Black-box monitoring with AWS CloudWatch Synthetics

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When you have a new application running, especially if you are a small startup, you probably don't want to think too much about monitoring.

Your full focus is on building the product, and not on setting up metrics and logs collection, configuring thresholds for alarms and so on.

At the same time, you should still have some way to get notified if your product is broken. This is where black-box monitoring might help a lot.

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White-box vs Black-box

In the book Site Reliability Engineering, authors define two types of monitoring: white-box and black-box.

White-box monitoring is based on metrics exposed by the internals of the system, while black-box is testing externally visible behavior as a user would see it.

White-box monitoring allows you to predict and prevent problems, while black-box monitoring simply tells you that the problem is already there. To give an example, white-box monitoring can tell you that your database will run out of disk space in 2 hours, and black-box monitoring will you that your website is down.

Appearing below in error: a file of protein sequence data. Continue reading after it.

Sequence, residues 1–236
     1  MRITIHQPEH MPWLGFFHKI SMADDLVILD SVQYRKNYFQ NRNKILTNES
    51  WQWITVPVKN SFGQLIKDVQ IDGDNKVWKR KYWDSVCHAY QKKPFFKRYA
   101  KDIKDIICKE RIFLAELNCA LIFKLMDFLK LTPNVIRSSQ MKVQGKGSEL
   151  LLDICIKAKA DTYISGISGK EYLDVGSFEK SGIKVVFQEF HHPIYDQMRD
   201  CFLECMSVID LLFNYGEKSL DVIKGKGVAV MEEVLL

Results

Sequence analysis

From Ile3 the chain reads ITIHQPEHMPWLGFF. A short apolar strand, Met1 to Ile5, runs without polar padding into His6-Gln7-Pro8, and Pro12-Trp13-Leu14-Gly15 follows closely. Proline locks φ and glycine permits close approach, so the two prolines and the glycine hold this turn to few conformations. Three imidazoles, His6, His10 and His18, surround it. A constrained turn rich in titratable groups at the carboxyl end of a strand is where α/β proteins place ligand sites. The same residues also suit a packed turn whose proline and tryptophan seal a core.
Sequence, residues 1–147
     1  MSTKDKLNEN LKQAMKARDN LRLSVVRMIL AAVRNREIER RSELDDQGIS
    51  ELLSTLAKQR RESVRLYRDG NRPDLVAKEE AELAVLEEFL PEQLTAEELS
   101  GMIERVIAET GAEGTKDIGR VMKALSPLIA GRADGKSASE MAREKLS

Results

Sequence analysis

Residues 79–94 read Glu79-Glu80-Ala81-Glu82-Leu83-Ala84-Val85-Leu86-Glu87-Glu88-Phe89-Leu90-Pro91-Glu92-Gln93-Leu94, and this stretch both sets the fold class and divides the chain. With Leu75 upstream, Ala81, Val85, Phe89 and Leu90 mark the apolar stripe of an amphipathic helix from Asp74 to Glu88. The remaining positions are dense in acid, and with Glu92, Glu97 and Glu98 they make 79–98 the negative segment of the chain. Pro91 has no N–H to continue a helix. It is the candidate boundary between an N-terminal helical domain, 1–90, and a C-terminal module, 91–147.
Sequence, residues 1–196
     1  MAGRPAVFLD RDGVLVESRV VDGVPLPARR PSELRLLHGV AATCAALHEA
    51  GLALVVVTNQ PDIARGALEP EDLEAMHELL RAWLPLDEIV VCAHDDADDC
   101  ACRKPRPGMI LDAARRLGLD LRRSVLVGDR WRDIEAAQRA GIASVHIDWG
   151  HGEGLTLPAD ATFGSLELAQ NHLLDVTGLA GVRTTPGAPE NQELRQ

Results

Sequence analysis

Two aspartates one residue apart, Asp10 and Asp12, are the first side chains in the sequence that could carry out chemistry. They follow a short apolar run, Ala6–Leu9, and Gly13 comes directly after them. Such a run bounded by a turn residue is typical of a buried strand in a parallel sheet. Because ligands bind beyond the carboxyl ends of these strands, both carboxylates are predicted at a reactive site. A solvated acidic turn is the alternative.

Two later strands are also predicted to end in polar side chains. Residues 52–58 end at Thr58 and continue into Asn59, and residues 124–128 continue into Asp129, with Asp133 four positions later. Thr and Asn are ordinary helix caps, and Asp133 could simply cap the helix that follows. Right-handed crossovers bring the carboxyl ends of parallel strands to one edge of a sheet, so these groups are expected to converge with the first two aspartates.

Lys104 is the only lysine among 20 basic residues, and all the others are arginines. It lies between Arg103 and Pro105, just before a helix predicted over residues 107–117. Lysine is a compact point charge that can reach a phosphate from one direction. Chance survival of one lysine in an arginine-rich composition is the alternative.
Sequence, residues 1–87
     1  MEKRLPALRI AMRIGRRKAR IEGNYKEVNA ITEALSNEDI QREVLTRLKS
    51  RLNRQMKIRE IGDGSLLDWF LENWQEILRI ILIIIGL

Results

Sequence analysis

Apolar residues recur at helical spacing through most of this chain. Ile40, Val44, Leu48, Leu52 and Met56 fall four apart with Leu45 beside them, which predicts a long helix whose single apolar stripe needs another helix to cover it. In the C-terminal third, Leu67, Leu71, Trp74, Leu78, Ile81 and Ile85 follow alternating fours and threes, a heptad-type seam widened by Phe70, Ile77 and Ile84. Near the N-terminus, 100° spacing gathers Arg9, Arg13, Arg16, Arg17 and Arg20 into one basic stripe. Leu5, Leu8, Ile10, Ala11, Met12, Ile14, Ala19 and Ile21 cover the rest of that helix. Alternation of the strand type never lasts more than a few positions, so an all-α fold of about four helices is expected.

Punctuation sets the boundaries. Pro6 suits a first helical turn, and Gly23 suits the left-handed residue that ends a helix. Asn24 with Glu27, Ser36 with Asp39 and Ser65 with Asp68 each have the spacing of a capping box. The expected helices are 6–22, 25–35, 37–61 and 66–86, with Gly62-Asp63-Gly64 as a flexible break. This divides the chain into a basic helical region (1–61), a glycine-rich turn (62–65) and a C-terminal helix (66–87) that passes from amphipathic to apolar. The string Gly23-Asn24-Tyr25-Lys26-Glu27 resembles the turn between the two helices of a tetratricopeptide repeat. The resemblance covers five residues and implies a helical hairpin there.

Naturally, you should prioritise white-box monitoring, because you want to prevent problems, not to fix them. But, coming back to the beginning, when you are in a hurry to deliver your MVP or new features, you should start with at least some very basic black-box monitoring.

CloudWatch Synthetics

One way to do black-box monitoring is to use “synthetic monitoring” - this type of monitoring consists of scripts that simulate end user behaviour, normally by using some browser automation tools. You can achieve a lot with this kind of monitoring, because you can simulate any complex user workflows with it.

AWS CloudWatch, monitoring solution for Amazon Web Services, has Synthetics Monitoring feature built in, so if your applications are running on this cloud, you can configure simple black-box monitoring with it. Let’s do this - we are going to configure a simple synthetic test for production environment of Transcripto, a speech to text service developed by mkdev.

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We start by going to CloudWatch interface. CloudWatch Synthetics are located under Application Monitoring group and are called “Synthetics Canaries”.

Canaries are individual tests that CloudWatch will perform on the schedule that you define. Let's create one.

Screenshot of Amazon Web Services (AWS) CloudWatch management console with options for creating a new canary monitoring setup, featuring choices like using a blueprint, inline editor, or importing from S3.